Leadership Must Practice Peopleship

I believe Admiral McRaven was spot on when he wrote something to the effect that leading well is simple, but it is still not easy.

The reason leadership is simple but not easy is because leadership involves the human dynamic. Leadership is about people.

The principles of good leadership are simple enough for most people to understand. But human relationships can be messy, not all the time, but enough of the time to ensure that leading is not an easy thing to do.

This is where the term “peopleship” comes in. Afterall, leadership is a people focused endeavor. One does not lead “things” or inanimate objects. Leaders lead people.

As I began to write this, I did a web-search for the word “peopleship”. The word peopleship came to me as I was thinking about the concept of leadership really being people centric. I was surprised that when I typed “peopleship” into my search engine many references to the word peopleship came up. I guess I need to get out more.

From what I could tell from a quick look at the links that came up, the term peopleship has been around since at least 2012 and the term has been used in a variety of ways.

I describe peopleship as the ability to relate well with people across a diverse stakeholder group to influence people to accomplish the mission and improve the organization. Good leaders must be able to do that.  Peopleship is all about leading as a character-based servant leader. Peopleship is about displaying empathy and making your followers feel that they are unique and valued.

If people are in fact the most important element of an organization, a leader should take care of them. Taking care of people does not mean making life easy for them or being their best friend. It means communicating well to those you lead by being transparent, being clear on priorities and expectations, and providing guidance. It means providing your followers with the resources they need and removing obstacles that may be in their path so they can do their job better. It also means providing those you lead with feedback, asking them what their goals and dreams are, and providing them with the required training they need.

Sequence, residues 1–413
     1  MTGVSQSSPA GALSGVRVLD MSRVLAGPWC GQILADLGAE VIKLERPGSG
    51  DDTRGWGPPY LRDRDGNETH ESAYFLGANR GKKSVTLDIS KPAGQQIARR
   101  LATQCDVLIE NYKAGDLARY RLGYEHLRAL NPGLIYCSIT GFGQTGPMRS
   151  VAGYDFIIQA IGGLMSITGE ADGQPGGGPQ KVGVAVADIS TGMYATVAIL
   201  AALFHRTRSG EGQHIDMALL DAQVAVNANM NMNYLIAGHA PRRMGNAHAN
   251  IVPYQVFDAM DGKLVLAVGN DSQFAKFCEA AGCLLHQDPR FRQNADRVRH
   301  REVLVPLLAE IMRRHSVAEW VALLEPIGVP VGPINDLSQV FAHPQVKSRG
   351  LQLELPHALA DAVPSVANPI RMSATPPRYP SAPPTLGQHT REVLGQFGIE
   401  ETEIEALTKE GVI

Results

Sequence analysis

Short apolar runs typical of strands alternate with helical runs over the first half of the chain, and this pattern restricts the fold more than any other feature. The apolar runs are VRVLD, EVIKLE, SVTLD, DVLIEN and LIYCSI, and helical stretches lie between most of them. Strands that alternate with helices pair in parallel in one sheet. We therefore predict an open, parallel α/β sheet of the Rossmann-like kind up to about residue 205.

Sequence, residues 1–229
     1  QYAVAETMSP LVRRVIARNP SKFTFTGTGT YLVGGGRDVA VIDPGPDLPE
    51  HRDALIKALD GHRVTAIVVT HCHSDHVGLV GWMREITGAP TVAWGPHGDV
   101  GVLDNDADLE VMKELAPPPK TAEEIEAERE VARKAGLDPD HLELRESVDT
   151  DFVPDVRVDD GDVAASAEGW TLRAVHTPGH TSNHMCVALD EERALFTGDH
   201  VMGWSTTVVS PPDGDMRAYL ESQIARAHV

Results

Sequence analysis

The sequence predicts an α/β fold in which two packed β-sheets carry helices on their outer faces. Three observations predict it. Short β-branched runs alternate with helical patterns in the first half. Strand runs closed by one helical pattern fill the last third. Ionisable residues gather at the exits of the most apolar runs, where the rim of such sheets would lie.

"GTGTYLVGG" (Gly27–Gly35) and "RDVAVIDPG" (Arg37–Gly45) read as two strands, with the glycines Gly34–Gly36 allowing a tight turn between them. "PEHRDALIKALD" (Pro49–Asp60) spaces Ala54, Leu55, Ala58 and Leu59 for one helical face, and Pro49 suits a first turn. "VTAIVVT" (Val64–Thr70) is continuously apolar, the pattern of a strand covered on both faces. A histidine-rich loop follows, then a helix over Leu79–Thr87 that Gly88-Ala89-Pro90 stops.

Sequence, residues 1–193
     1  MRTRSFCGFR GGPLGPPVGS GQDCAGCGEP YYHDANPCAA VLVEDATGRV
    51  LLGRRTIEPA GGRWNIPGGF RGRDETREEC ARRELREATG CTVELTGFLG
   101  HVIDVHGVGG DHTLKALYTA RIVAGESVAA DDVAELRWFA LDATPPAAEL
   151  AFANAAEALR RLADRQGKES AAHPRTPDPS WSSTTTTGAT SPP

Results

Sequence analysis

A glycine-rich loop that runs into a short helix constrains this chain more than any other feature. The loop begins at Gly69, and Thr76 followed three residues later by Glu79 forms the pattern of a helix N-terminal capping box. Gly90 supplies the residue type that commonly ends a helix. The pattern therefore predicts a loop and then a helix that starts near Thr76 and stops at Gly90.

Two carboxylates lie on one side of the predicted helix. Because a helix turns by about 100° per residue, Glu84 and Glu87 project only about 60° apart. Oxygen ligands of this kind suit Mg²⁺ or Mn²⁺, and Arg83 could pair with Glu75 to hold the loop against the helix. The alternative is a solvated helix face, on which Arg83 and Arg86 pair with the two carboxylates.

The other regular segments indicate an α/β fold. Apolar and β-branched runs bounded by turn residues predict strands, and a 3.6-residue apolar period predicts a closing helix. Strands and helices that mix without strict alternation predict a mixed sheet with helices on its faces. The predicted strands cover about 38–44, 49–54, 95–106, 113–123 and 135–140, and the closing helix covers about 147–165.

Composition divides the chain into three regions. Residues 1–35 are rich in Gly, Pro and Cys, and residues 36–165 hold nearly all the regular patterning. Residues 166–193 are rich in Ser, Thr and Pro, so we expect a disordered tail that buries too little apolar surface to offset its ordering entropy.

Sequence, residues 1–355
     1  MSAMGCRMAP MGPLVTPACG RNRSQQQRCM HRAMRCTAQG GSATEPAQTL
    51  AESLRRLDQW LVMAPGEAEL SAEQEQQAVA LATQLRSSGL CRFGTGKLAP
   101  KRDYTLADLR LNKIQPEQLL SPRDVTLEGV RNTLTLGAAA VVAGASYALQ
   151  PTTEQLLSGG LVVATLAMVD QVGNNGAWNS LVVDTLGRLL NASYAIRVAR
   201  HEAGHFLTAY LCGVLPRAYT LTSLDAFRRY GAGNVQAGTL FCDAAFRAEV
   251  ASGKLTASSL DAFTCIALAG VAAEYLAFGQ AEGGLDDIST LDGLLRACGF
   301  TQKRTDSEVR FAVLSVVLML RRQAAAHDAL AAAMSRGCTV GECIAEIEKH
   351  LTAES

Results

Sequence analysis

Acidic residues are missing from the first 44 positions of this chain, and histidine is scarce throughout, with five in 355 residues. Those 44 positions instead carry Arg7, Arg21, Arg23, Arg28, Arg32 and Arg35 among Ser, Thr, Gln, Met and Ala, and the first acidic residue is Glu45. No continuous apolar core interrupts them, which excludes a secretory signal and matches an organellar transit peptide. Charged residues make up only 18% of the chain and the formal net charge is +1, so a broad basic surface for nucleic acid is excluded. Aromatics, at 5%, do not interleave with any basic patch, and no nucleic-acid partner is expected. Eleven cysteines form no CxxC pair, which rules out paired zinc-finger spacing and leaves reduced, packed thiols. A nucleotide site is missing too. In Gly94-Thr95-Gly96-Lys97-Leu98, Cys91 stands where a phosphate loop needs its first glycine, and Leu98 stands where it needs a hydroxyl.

Caring for your followers also means creating a great culture. The hallmarks of a great organizational culture include a meaningful purpose, high values, connectiveness, belonging, and psychological safety. These cultural qualities are essential to recruit good people and retain them while being able to fulfill the organizational mission. A feeling of safety is essential. When people within an organization feel safe, they will focus on the job at hand rather than watching their back. 

Toxic leaders may be able to have some short-term success. However, to have long term success and to be a champion you must be a leader who practices peopleship. Leaders cannot accomplish the mission and improve the organization over the long term if they cannot relate well to people, or in other words engage in peopleship.

About John Gronski

Major General John L. Gronski (U.S. Army Retired) is the founder and CEO of Leader Grove LLC, a leadership consulting firm. John is the author of two books, “Iron-Sharpened Leadership” and “The Ride of Our Lives” and he is an international and Fortune 500 speaker. Learn more about John at https://johngronski.com/

Continue To Learn

John created a great online leadership development program. You can take online leadership development courses including Cultivating Trust, Introduction to Emotional Intelligence, and Conflict Management. Introduction to Change Leadership will be available soon and more courses will follow. Once you complete a course, take a short quiz, attain an 80% score, and download a certificate of completion. Find out more and enroll at Store.LeaderGrove.com

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